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Alpha-Bungarotoxin

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Alpha-Bungarotoxin


α-Bungarotoxin (α-BTX) is one of the bungarotoxins, components of the venom of the elapid snake Taiwanese banded krait (Bungarus multicinctus). It is a type of α-neurotoxin, a neurotoxic protein that is known to bind competitively and in a relatively irreversible manner to the nicotinic acetylcholine receptor found at the neuromuscular junction, causing paralysis, respiratory failure and death in the victim.[1] It has also been shown to play an antagonistic role in the binding of the α7 nicotinic acetylcholine receptor in the brain, and as such has numerous applications in neuroscience research.

Structure

α-Bungarotoxin is a 74 amino acid, 8 kDa α-neurotoxin with five disulfide bridges that binds as a competitive antagonist to nicotinic acetylcholine receptors (nAChRs). As with other snake venom α-neurotoxins, it has a three-finger fold tertiary structure, which is a four disulfide globular core from which emerge three loops (fingers) and a C-terminal tail. The tips of fingers I and II form a mobile region that is essential for proper binding.[2]

Hydrogen bonds allow for an antiparallel β-sheet, which keeps the second and third loops roughly parallel. The three-finger structure is preserved by four of the disulfide bridges: the fifth can be reduced without loss to toxicity. The fifth bridge is located on the tip of the second loop.[3]

The multiple disulfide bonds and small amount of secondary structure seen in α-BTX is the cause of the extreme stability of this kind of neurotoxin. Since there are many entropically viable forms of the molecule, it does not denature easily, and has been shown to be resistant to boiling.[4] and strong acids[5][6]

Mechanism

α-Neurotoxins antagonistically bind irreversibly to nAChRs of skeletal muscles, thereby blocking the action of ACh at the postsynaptic membrane, inhibiting ion flow and leading to paralysis. nAChRs contain two binding sites for snake venom neurotoxins.[7] Progress towards elucidation of the dynamics of binding action of these sites has proved difficult, although recent studies using normal mode dynamics[8] have aided in predicting the nature of both the binding mechanisms of snake toxins and of ACh to nAChRs.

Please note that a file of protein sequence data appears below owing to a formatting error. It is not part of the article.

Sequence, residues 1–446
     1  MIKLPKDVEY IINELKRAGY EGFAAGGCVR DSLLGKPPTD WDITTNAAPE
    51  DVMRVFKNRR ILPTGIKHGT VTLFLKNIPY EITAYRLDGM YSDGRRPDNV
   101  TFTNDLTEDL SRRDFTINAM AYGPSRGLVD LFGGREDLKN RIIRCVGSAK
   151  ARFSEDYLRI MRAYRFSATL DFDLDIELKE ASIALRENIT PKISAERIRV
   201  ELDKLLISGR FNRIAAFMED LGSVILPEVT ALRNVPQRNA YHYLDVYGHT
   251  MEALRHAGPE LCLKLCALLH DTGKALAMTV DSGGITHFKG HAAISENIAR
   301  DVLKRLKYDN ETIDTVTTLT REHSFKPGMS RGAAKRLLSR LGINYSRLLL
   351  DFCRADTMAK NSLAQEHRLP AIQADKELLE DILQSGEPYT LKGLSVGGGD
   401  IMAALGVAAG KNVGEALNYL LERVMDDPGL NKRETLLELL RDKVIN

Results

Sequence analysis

One such study, by Samson and Levitt, 2008,[9] revealed a twist-like gating motion responsible for nAChR channel opening. The ion channel diameter was shown to increase with this motion, although neither the twist nor the increase in channel diameter was observed when the nAChR was in complex with either one or two α-bungarotoxin molecules. The twist-like motion is in agreement with time-resolved electron microscopic analysis of the acetylcholine receptor pore that shows rotation of the two α subunits upon ACh binding.[10] The observation that a single molecule of the toxin suffices to inhibit channel opening is in agreement with experimental data on the amount of toxin per receptor.[11]

Research applications

α-Bungarotoxin has played a large role in determining many of the specifics of nicotinic acetylcholine receptors. It can be conjugated to a fluorophore or enzyme for immunohistochemical staining of fixed tissues and visualization via light or fluorescence microscopy. This application enables morphological characterization of neuromuscular junctions.

See also

References

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External links

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